Colorado rolls out recreational marijuana rules

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DENVER -- Exactly six months from the day when legal marijuana will become a reality across Colorado, the state released more than 60 pages of detailed rules on how the product will be licensed and regulated.

Come Jan. 1, anyone looking to purchase marijuana will have to show identification -- proof they're 21 or older -- at the door of the retail outlet, before stepping inside.

If medical marijuana retailers, which now sell to anyone 18 and up, decide to sell to recreational users, they'll be forced to abide by the stricter age standard and turn away any and all customers, medical patients or not, under 21.

In addition, perishable pot snacks will carry expiration dates; and marijuana must be distributed in child-proof packaging that's clearly labeled with the potency of the product, the recommended serving and the amount of THC contained within.

Labels also have to list the potency of the drug and carry warnings such as "There may be health risks associated with the consumption of this product" and "Keep out of the reach of children."

Amendment 64, adopted last November, required the Department of Revenue to release rules by July 1, filling in the blanks from the broad guidelines set forth by state lawmakers during the 2013 legislative session.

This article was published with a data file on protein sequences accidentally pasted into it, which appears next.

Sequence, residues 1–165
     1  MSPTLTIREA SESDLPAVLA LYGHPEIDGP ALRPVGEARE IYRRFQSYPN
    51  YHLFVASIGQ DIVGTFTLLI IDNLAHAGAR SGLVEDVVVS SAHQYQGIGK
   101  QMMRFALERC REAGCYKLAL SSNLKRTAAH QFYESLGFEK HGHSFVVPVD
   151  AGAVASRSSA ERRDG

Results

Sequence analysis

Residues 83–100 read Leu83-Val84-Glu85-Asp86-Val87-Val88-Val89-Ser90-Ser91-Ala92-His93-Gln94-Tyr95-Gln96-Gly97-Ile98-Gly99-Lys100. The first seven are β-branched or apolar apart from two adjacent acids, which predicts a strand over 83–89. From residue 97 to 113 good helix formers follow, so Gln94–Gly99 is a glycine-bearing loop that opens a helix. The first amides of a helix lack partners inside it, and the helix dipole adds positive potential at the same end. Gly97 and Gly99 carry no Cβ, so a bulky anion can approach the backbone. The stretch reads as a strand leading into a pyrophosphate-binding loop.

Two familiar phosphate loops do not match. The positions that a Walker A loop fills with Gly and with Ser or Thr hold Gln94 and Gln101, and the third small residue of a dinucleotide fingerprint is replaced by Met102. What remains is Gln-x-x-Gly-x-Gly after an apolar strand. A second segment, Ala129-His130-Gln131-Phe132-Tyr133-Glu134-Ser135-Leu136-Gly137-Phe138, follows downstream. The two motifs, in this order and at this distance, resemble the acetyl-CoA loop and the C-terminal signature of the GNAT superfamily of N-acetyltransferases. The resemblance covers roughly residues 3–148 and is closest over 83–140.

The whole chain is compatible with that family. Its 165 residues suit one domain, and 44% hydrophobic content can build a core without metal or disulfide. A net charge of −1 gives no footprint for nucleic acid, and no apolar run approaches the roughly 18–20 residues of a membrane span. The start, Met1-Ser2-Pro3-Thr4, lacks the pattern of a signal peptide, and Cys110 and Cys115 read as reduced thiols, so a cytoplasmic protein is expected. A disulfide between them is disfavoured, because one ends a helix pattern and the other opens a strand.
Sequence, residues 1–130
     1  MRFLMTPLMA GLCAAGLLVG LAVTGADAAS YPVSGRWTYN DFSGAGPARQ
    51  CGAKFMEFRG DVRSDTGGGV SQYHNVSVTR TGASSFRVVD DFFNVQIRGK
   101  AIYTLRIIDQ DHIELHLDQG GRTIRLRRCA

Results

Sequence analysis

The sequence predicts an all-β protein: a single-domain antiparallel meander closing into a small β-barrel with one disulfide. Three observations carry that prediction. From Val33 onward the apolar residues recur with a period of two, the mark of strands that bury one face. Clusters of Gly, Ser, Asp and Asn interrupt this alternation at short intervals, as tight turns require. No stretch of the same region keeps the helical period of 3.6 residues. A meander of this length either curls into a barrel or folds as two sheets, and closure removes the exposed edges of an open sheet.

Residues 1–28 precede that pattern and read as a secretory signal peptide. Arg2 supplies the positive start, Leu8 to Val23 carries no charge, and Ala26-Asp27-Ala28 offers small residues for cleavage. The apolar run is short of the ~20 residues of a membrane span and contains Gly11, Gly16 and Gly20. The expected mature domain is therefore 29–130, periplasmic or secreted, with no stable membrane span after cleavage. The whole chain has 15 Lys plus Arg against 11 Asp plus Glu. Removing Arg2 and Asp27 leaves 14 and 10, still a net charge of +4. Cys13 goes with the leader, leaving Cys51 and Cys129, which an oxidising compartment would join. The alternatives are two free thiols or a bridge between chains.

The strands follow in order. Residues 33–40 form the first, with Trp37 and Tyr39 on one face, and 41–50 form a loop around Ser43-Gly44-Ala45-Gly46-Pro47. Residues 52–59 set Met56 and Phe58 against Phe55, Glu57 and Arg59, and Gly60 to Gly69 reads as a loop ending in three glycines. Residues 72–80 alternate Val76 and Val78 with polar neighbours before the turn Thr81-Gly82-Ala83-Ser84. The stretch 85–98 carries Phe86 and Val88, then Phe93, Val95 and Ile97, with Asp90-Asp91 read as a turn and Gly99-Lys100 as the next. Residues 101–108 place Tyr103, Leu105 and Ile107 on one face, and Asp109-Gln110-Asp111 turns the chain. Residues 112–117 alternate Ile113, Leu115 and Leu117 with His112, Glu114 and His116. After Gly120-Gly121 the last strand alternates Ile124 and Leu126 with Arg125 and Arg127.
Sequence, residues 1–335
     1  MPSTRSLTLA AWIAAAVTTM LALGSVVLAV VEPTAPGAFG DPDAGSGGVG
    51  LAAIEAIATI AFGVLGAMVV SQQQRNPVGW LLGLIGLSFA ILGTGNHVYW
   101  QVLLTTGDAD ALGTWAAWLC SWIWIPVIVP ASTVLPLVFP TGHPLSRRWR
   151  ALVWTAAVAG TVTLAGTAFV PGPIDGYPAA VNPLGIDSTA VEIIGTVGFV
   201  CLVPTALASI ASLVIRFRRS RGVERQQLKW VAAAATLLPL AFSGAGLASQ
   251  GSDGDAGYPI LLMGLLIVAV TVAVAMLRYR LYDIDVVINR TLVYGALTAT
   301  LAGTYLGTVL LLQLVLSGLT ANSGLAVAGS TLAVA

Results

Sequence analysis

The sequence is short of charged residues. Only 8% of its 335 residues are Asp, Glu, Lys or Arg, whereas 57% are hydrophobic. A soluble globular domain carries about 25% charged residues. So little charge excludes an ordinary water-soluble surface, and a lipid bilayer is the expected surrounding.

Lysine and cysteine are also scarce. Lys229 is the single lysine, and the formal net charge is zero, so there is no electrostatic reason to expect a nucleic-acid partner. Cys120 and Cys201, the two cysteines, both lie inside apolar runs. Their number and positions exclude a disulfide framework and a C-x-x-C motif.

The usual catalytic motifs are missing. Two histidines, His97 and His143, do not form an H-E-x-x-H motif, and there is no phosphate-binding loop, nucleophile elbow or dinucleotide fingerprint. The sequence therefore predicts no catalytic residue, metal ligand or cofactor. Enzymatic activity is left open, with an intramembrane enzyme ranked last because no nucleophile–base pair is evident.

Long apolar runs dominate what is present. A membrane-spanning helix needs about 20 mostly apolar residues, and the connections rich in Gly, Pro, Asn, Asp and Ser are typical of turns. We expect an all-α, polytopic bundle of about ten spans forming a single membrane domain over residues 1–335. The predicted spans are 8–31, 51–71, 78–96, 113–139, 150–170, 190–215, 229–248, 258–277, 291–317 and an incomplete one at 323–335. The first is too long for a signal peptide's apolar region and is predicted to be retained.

The rules also detail exact specifications for who can work in marijuana businesses and how the drug can be transported and stored.

The department's rules indicate it plans to establish seed-to-sale tracking, making producers and sellers responsible for each plant destined for retail sale.

That project stalled due to a lack of funding; with the new fiscal year beginning Monday, the funding should be freed up to finish the project, said state Rep. Dan Pabon.

"The individual retailers are going to be responsible for complying with the Dept. of Revenue's rules," Pabon said. "That's why it's critical for voters to approve the tax rates for marijuana this fall. The sales taxes are going to the Dept. of Revenue, which is going to enforce the packaging requirement."